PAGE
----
A good garage door can be hard to find, especially when there are so many choices available. Style choices aren't the only factor when it comes to choosing a new garage door. The material it will be made of is also an important consideration, as your material of choice can affect how your garage door looks and how long it'll last. Wood, steel and aluminum are the most commonly used materials for creating garage doors. The following offers a clear picture of each material's advantages and drawbacks.
- Pros: Durable, visually inviting, can be sourced locally
- Cons: Heavy, vulnerable to moisture, requires frequent maintenance
Wood has historically been the traditional choice of garage door material. Even today, buyers looking to maintain a warm and rustic aesthetic for their home usually turn to wood garage doors. These doors not only offer a charming appearance, but they're also relatively sturdy and resistant to the usual bumps and bruises of everyday activities.
Wood garage doors do have their downsides, however. These garage doors tend to be heavier than their steel and aluminum counterparts, with some wood garage doors weighing 350 to 360 pounds or more. Heavy wood garage doors also require stronger and more robust springs, tracks and other hardware, plus you may have to upgrade to a stronger garage door opener that can better handle the weight. Wood garage doors also require constant refinishing and other maintenance, especially if they're used in areas where high humidity is common.
- Pros: Inexpensive, needs less maintenance, long warranties
- Cons: Can be scratched and dented, vulnerable to rust
Steel garage doors are a popular choice for homeowners who want a great-looking door without the maintenance issues suffered by wood doors. Steel garage doors come in a wide variety of designs that mimic the appearance of wood, making them an excellent stand-in for their wood counterparts. These garage doors are also inexpensive when compared to similar wood and aluminum doors, making them a great value for homeowners remodeling on a tight budget. Most steel garage doors also offer lifetime warranties on various components, including the hardware and insulation.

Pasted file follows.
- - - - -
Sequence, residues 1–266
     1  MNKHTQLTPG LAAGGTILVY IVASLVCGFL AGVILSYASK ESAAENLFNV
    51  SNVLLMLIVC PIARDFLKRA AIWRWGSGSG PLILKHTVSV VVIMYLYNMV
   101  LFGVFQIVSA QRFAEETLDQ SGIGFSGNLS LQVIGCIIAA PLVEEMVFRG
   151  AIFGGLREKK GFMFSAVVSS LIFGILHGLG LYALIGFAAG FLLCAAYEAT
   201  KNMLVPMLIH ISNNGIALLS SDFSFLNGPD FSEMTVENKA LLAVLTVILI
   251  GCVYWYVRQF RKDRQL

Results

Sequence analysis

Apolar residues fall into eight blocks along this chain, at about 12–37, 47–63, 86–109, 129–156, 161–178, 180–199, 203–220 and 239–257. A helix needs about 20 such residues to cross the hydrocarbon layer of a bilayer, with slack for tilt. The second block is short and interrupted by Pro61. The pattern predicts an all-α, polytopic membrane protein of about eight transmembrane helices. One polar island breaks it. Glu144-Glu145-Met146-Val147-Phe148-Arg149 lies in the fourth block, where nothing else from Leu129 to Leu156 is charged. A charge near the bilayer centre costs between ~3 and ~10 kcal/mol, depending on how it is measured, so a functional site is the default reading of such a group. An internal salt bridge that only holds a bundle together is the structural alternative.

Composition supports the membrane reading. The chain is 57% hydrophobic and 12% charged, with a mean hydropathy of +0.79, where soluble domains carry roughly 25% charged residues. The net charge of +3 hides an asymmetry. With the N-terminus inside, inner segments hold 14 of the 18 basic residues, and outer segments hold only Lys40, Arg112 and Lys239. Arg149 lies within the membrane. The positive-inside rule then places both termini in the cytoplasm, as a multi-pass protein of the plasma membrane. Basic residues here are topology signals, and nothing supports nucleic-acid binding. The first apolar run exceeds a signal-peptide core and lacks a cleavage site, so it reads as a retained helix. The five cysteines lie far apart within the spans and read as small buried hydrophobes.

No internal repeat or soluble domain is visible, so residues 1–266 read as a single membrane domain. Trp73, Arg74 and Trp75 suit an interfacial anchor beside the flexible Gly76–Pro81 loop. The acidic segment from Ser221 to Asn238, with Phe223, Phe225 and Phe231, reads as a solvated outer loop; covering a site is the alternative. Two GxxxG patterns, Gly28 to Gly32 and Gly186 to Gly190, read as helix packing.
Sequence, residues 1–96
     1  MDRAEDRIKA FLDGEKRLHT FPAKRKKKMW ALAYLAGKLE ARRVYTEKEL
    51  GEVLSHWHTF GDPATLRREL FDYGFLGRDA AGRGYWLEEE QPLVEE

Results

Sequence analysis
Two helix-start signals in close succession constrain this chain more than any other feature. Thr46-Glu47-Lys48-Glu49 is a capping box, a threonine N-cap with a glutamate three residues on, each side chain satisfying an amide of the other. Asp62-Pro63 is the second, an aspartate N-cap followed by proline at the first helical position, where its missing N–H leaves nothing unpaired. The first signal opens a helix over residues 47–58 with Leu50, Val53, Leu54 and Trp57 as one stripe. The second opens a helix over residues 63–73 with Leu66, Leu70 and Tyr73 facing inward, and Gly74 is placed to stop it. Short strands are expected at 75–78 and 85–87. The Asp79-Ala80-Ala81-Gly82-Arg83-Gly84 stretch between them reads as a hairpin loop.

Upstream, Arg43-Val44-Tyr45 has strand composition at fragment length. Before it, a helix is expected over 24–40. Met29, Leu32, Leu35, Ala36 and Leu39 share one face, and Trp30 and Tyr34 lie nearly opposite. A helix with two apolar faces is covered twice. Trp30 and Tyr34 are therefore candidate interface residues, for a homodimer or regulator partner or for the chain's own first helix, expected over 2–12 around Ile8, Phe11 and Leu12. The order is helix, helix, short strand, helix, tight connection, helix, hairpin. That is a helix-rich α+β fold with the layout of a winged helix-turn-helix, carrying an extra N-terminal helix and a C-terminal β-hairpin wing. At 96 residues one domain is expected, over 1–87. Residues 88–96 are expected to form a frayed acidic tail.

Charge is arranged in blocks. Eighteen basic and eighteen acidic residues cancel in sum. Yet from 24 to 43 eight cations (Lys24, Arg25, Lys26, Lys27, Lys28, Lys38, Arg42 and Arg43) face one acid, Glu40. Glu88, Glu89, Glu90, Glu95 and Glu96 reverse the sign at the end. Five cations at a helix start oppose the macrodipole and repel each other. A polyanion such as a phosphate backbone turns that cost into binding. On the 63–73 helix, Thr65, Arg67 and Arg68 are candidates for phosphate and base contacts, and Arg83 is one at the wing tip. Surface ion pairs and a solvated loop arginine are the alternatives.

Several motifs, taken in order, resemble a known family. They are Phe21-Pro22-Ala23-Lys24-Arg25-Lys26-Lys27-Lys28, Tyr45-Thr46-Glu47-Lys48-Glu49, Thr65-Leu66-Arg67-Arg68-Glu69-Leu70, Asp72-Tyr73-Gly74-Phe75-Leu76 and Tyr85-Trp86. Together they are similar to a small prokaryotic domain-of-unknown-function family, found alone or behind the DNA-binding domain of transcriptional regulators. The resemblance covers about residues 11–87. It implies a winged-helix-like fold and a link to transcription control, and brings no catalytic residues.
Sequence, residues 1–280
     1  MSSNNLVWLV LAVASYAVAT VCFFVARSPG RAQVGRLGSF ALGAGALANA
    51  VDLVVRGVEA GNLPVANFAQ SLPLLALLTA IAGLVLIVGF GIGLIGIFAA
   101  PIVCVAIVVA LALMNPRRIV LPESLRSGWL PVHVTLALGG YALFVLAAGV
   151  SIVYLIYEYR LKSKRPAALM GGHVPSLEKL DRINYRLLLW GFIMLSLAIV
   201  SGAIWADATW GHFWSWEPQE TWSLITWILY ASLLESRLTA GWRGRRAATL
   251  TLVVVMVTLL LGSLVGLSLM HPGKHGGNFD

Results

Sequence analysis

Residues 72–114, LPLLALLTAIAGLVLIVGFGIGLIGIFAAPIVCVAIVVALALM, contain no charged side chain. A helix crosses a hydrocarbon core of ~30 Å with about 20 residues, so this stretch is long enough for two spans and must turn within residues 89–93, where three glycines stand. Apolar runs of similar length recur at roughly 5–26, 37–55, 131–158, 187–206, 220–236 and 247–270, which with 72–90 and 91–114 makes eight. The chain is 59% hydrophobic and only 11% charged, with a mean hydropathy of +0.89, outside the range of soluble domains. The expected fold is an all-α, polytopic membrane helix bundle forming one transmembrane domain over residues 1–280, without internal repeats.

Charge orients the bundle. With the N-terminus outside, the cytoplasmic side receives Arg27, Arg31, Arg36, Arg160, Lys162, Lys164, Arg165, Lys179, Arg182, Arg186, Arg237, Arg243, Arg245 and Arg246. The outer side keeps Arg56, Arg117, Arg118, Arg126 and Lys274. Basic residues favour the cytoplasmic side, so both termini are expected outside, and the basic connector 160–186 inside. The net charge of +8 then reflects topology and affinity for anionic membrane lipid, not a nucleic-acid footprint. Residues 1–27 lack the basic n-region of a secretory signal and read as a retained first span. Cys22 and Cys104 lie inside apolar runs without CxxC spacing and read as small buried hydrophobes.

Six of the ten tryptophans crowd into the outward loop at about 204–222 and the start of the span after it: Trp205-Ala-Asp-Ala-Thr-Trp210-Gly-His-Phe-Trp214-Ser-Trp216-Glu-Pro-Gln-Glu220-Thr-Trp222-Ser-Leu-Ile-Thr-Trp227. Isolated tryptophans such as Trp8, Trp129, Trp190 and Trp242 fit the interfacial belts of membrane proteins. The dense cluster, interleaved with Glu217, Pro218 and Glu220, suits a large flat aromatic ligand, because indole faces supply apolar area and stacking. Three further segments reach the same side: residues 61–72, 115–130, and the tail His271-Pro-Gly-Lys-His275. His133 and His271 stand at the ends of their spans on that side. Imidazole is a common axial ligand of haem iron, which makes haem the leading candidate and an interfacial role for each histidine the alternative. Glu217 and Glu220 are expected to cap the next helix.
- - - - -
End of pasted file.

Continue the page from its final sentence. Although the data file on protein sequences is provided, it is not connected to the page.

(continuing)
Unfortunately, most steel garage doors are highly vulnerable to rust, especially when scratches and dents remove the factory paint and reveal the steel underneath. Placing a fiberglass overlay can help prevent dents and scratches, but the material requires periodic repainting to maintain its pristine appearance.
- Pros: Lightweight, low maintenance, resists corrosion
- Cons: Easily dented, difficult to repair
Aluminum is another option for homeowners in search of a new garage door. Unlike steel, aluminum resists rust and most forms of corrosion, making it extremely durable and long-lasting in this regard. Aluminum's light weight also makes it an ideal material for making light garage doors. A typical aluminum door's lightweight construction places significantly less strain on garage door openers and other related hardware, resulting in components that last longer under regular use. Aluminum's sustainability as an extremely recyclable metal that can be used over and over also makes it the environmentally friendly choice when it comes to garage doors.
Unfortunately, there are a few caveats to keep in mind when choosing an aluminum garage door. Aluminum garage doors are especially vulnerable to dents and deformation, unlike their steel counterparts. Repairing damage caused to an aluminum garage door is no picnic, either -- in many cases, contractors must employ some of the same techniques used in the auto body repair industry to correct dents and other damage. Using dent-resistant laminated panels can help reduce the chance of damaging the aluminum skin, but these panels also face the same limitations as those found on steel garage doors.
For more information, contact a company like Aladdin Doors of Raleigh.